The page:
From No More Fake News
"Imagination can produce a level of well-being that is bulletproof, in the sense that, no matter what happens in life, there is a back-up, there is something that can be created beyond the current crisis..." (The Magician Awakes, Jon Rappoport)
"When I use the word 'magic,' I mean everything that can spring from imagination. Not the silly little things. The big things. The launching of entirely new realities that outdistance what society is producing. And setting a limit on what the individual can imagine and create, and how far he can go, is very much like promoting the idea that every human is ill and should be a medical patient all his life. It's sheer propaganda that seeks the lowest common denominator, as a sales gimmick. In the case of imagination, we're talking about the future of civilization and human life on the planet -- whether it rises or falls, whether the population finally accepts the notion that every person is a victim and there is no way out..." (Notes on Exit From The Matrix, Jon Rappoport)
In the human psyche, from the moment a newborn baby emerges into the light of day, he/she has a desire for magic.
We are told this is an early fetish that fades away as the experience of the world sets in. As maturity evolves. As practical reality is better understood.
In most areas of psychology, sensible adjustment to practical reality is a great prize to be won by the patient. It marks the passage from child to adult. It is hailed as a therapeutic triumph.
In truth, the desire for magic never goes away, and the longer it is buried, the greater the price a person pays.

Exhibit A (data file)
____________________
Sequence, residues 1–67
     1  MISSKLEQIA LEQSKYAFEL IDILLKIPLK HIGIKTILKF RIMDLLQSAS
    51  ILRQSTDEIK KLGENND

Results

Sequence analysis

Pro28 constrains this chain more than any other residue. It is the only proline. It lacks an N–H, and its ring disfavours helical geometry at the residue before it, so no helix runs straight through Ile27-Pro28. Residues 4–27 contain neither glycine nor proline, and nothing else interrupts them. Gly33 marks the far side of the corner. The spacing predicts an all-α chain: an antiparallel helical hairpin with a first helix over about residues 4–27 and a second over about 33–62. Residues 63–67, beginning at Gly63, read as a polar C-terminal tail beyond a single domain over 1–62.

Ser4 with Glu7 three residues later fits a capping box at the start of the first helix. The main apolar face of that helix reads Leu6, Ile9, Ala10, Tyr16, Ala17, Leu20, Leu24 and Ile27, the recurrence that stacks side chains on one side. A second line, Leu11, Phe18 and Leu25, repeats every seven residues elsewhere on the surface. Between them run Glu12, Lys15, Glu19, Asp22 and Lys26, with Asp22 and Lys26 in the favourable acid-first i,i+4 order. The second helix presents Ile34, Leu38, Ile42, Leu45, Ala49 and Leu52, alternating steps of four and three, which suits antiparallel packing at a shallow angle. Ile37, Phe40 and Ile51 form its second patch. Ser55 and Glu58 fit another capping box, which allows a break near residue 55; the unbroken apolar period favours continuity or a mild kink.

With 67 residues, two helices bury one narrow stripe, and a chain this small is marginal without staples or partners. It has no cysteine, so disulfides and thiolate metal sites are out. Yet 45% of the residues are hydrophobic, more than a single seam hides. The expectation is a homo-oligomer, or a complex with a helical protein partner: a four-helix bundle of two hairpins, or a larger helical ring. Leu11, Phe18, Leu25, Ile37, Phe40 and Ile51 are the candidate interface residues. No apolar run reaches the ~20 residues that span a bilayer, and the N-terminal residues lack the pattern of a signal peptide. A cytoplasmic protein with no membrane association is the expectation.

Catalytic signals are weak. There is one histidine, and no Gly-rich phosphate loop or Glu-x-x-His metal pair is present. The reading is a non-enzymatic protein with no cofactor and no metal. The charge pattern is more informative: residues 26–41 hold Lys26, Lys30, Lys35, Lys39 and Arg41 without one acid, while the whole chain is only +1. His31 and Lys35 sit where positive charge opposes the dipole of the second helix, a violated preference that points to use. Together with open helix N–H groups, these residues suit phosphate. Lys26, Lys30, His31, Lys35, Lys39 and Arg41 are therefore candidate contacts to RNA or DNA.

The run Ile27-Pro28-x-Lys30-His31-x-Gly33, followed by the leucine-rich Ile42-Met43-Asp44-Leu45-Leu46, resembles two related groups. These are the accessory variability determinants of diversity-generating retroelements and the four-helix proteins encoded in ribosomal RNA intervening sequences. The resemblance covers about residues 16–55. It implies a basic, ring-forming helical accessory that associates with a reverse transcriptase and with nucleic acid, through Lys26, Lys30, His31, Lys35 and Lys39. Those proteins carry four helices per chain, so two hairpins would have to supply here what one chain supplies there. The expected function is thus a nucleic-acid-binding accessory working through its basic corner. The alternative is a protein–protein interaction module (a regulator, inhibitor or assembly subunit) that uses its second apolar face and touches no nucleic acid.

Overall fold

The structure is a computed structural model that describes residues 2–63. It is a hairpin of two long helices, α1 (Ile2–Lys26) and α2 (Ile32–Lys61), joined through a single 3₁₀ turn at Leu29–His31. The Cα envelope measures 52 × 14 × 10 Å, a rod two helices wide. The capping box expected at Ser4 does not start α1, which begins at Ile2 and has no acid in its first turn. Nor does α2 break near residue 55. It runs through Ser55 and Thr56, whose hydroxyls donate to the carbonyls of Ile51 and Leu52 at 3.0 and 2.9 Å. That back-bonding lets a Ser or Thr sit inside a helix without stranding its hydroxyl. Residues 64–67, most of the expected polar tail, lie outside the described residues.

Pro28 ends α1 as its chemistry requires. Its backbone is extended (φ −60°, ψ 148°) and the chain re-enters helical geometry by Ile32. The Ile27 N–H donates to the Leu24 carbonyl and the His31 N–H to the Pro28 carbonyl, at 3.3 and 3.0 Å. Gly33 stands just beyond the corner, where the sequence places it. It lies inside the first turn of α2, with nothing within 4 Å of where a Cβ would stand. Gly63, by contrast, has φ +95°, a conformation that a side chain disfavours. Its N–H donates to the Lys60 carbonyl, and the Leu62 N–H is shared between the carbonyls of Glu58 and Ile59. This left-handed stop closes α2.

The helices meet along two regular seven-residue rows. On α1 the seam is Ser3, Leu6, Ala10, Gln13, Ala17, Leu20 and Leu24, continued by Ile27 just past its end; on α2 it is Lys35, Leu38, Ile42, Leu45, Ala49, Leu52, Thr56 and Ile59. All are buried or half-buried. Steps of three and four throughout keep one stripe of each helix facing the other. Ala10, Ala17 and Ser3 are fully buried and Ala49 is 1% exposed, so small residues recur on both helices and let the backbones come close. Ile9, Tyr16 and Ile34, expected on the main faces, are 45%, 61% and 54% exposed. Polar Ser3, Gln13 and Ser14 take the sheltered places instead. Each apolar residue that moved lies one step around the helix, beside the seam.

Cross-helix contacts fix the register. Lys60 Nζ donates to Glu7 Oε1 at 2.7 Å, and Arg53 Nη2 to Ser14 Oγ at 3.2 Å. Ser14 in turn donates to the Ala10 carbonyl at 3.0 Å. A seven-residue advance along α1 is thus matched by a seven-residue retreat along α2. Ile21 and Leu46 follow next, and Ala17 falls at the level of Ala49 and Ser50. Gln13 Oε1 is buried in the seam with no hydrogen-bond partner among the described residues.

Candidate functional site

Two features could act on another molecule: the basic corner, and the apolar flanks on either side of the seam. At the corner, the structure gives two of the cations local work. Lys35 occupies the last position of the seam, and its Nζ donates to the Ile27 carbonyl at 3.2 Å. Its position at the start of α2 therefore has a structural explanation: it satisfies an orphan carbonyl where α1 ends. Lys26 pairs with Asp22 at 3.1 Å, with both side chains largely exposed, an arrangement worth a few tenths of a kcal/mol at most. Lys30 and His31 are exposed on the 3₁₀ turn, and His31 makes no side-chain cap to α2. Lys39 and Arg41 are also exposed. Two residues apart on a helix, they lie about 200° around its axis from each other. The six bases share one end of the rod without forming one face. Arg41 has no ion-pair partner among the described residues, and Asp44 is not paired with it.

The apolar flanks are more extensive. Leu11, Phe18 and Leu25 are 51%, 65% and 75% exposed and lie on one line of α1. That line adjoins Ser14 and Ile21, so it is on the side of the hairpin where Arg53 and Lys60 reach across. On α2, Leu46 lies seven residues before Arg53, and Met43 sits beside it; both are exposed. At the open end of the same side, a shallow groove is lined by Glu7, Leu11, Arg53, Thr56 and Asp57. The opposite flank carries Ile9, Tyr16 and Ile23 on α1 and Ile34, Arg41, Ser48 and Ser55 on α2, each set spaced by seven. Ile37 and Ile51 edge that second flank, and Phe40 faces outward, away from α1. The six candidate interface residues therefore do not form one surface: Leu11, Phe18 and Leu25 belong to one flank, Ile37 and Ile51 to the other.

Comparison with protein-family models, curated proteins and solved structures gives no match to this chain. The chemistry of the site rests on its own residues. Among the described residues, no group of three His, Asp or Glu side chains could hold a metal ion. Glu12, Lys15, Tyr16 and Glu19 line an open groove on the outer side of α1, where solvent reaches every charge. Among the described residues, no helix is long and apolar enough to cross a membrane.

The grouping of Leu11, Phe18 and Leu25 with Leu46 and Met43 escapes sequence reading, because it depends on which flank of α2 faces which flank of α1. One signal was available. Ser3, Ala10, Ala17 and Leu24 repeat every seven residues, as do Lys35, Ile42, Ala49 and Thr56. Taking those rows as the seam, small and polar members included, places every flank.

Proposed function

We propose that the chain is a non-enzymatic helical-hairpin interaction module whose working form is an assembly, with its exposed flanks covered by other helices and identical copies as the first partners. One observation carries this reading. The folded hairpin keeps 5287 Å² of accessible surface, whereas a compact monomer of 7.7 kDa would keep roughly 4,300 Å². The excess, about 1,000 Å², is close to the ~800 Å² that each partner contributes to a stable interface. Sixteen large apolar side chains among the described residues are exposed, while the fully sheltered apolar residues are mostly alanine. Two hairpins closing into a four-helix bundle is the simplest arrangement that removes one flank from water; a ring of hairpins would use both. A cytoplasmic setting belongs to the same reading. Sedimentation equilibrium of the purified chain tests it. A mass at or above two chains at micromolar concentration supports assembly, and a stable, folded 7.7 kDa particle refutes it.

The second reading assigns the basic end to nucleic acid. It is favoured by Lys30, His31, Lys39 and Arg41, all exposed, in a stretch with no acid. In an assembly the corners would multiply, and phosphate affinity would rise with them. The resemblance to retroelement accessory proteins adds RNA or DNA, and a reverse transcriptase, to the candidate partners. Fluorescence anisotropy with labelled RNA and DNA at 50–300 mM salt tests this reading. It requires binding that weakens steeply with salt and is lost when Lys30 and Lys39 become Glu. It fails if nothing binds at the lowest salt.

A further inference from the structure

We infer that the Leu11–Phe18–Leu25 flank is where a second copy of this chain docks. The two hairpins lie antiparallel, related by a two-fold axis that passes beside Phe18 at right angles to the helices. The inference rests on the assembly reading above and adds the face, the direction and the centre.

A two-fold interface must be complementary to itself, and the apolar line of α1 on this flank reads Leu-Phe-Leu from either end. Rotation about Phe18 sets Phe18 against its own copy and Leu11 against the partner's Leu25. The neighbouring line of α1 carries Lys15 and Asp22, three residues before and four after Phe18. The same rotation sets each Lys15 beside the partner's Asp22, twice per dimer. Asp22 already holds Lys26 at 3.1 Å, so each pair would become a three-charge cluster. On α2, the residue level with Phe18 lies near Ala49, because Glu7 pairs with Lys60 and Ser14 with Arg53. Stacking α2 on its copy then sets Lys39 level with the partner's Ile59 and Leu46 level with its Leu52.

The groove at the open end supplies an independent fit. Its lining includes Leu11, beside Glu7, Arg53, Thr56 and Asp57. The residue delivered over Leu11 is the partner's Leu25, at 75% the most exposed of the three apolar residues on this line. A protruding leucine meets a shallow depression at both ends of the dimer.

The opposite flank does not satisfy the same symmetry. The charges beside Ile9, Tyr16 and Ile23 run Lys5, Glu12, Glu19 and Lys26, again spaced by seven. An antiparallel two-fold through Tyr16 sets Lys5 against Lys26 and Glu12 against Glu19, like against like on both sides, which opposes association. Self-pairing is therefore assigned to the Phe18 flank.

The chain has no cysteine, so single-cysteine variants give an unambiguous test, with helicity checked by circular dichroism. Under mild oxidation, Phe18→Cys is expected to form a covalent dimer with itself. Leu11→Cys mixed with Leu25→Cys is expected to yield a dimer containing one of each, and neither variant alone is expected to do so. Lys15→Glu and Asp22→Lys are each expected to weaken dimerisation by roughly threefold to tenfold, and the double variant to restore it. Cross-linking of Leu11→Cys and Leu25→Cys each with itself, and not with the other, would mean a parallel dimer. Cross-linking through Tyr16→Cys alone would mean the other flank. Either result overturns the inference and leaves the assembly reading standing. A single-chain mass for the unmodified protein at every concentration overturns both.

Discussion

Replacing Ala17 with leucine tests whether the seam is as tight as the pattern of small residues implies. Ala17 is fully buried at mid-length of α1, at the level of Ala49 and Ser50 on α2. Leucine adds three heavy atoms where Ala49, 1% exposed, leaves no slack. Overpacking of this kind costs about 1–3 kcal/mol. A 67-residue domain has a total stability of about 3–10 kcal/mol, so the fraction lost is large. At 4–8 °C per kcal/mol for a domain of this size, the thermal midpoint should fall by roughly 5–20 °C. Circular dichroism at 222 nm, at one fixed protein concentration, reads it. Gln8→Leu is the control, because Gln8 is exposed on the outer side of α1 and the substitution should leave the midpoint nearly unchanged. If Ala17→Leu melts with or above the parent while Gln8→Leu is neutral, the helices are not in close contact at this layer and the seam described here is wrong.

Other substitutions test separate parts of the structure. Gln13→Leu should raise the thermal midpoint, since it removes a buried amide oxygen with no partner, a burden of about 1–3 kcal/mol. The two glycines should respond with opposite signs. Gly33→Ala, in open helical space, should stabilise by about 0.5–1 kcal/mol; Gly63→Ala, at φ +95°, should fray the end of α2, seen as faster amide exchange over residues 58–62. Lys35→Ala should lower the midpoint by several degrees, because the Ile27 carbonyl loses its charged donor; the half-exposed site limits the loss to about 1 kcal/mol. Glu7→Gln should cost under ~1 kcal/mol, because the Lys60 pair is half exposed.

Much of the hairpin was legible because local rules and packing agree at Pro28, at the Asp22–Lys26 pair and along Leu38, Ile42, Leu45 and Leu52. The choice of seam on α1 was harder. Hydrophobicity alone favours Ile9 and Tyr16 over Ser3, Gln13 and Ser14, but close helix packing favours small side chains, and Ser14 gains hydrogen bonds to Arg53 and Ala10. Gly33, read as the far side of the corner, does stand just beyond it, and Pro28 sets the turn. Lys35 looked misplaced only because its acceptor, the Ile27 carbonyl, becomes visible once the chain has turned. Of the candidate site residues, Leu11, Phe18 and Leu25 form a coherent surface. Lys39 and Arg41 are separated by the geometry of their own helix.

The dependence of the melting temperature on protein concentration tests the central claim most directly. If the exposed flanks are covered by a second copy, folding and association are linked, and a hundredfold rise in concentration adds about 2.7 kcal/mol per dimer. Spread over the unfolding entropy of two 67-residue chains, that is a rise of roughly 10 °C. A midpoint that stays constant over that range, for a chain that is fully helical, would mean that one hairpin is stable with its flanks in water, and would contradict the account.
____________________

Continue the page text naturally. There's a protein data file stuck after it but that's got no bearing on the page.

A vaccine against a disease can mask the visible signs of that disease, but under the surface, the immune system may be carrying on a low-level chronic war against toxic elements of the vaccine. And the effects of the war can manifest in odd forms.
So it is with an inoculation of reality aimed at suppressing magic.
One of the byproducts of the "reality shot" is depression.
The person feels cut off from the very feeling and urge he once considered a hallmark of life. Therefore, chronic sadness. Of course, one explains that sadness in a variety of ways, none of which gets to the heart of the matter.
It is assumed that so-called primitive cultures placed magic front and center simply because "they couldn't do better." They didn't have science, and they couldn't formulate a "true and rational" religion with a church and monks and collection plate and a European choir and an array of pedophiles.
Historically, the impulse for magic had to be defamed and reduced and discredited. Why? Obviously, because the Westerners who were poking through ancient cultures had already discredited magic in themselvesthey had put it on a dusty shelf in a room in a cellar beyond the reach of their own memory. But they couldn't leave it alone. They had to keep worrying it, scratching it, and so they journeyed thousands of miles to find it somewhere else -- and then they scoffed at it and tried to crush it.
And we wonder why, under the banner of organized religion, there has been so much killing. At a deep level, the adherents know they've sold their souls and they're depressed, angry, resentful, remorseful, and they want to assuage and expiate their guilt through violence.
But the urge for magic is forever.